Duluth police named 36-year-old Matthew James Amiot as the suspect who was arrested Friday afternoon and booked into the St. Louis County Jail in Duluth. He is expected to make his first court appearance midweek; said Duluth Police Chief Mike Tusken said he is recommending charges of first-degree arson for the fire that destroyed Adas Israel Congregation on Monday morning.
“There is no reason to believe it is a bias or hate crime,” said Tusken. “That may change as the investigation continues. Please understand while an arrest has been made, the investigation is open and active.”
Tusken said that Amiot was arrested in downtown Duluth on Friday. In an interview posted to YouTube, Ben Amiot, the suspect’s brother, told veteran TV anchor Edward Mooney that his brother is homeless.
At press conferences earlier in the week, Tusken said that when officers responded to the scene in the early hours of Monday morning, they had contact with two individuals out in the area, getting their names and contact information. He referred to those two as “persons of interest” that police, fire, and Department of Alcohol, Tobacco, Firearms and Explosives investigators were completing follow up interviews with.
Tusken said that neither of those persons interviewed was considered suspects. Tusken also said that evidence was recovered at the scene, as well as “hundreds of hours of video” from nearby cameras, but at that time gave no details.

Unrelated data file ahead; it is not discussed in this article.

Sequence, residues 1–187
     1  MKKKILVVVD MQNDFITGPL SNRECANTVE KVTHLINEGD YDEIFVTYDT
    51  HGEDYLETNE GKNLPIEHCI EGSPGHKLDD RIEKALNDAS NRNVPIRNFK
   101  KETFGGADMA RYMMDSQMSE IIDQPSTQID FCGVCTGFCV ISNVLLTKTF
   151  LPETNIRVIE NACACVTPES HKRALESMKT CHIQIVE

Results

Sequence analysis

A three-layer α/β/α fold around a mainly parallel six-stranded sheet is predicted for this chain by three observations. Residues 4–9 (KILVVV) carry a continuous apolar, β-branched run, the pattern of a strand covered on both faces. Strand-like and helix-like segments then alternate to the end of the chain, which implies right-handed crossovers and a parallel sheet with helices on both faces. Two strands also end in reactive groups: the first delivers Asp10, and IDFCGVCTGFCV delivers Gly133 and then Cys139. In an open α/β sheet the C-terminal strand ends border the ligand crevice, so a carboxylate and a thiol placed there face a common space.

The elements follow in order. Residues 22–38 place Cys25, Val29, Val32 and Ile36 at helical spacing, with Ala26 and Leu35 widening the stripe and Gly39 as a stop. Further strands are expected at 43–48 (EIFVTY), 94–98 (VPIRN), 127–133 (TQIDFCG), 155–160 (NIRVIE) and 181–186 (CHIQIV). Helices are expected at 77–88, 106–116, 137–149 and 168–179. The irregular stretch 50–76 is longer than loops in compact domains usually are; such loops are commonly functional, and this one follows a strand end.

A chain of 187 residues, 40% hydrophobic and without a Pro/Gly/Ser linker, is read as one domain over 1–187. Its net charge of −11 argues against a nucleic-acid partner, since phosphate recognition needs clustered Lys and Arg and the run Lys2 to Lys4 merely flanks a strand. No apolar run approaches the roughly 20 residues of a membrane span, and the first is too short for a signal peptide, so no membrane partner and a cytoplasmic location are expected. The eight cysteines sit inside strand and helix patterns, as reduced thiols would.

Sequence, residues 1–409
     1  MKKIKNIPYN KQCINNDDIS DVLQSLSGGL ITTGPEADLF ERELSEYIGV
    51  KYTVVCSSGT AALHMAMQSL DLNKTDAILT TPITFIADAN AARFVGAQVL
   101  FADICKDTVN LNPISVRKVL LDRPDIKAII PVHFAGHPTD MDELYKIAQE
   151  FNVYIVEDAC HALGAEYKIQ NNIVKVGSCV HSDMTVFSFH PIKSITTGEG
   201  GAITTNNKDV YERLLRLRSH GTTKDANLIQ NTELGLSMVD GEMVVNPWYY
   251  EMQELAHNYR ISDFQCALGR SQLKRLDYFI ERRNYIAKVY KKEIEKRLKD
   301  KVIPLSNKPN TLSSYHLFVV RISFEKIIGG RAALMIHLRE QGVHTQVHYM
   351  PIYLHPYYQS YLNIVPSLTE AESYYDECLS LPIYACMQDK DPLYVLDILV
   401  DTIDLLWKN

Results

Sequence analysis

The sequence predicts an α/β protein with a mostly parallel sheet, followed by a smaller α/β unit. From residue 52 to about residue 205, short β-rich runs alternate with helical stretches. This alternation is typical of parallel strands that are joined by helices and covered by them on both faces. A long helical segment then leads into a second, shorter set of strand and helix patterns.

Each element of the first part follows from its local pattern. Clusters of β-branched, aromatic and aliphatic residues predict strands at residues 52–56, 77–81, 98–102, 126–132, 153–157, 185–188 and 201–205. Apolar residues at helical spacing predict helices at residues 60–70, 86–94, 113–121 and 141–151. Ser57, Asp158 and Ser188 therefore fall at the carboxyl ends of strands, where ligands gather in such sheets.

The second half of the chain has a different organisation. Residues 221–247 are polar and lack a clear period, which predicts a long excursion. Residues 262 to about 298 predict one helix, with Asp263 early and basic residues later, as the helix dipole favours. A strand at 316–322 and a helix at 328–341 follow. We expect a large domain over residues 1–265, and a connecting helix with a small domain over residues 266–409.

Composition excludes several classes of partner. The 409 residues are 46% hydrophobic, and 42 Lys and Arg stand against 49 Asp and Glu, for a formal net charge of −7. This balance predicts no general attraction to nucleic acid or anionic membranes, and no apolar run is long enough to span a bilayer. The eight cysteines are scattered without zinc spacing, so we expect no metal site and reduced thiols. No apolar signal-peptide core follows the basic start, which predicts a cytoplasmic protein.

“When doing investigations, some from information comes from canvassing, some from video,” Tusken said. “(Finding Amiot) was the culmination of all the evidence in what made him a suspect.”
In a statement, Steve Hunegs, executive director of the Jewish Community Relations Council of Minnesota and the Dakotas (JCRC), thanked all the agencies involved for their work.
“While Duluth Police Chief Mike Tusken stated that the current charge of first-degree arson is not being elevated as a bias-motivated or hate crime, the destruction of Adas Israel Congregation remains a tragedy for generations of Jewish Duluthians. Over the past week, we have read moving testimony of family memories that date back a century or more,” he said. “We understand that our Jewish community feels uneasy in this current political and social environment where synagogues, mosques, and predominately black churches have been attacked in recent years. The image of a house of worship ablaze is a searing reminder of the challenges we face with rising antisemitism and bigotry in this country. We ask the public to respect the investigative process and withhold final judgment until the full facts are revealed in the criminal complaint later this week.
“While we are fortunate that there were no fatalities, we note that a courageous Duluth firefighter sustained a concussion injury while combatting the blaze. We also reiterate our thanks to Duluth’s Temple Israel and Chabad synagogues for opening their arms to welcome Adas Israel members who are grieving the loss of their spiritual home.”
Tusken said that he is unaware if Amiot had any prior contact with the synagogue.
Phillip Sher, who has been described as the president of the synagogue, would not speculate to Amiot’s motives.
“As a matter of fact, I would warn everybody, you’re innocent until proven guilty,” he said. “And that’s as it should be. We’re not out for vengeance, all I can find out of this event of sadness for everyone.”
Ben Amiot told Mooney that his brother “doesn’t hate anybody” and was trying to find someplace to sleep. “It was really cold and windy and rainy that night,” he said. “he’s been homeless ever since he was a teenager and has been in and out. He had an apartment once or twice and stay with relatives. He’s not all the way there. He’s not capable of holding a job. He needs support for that.”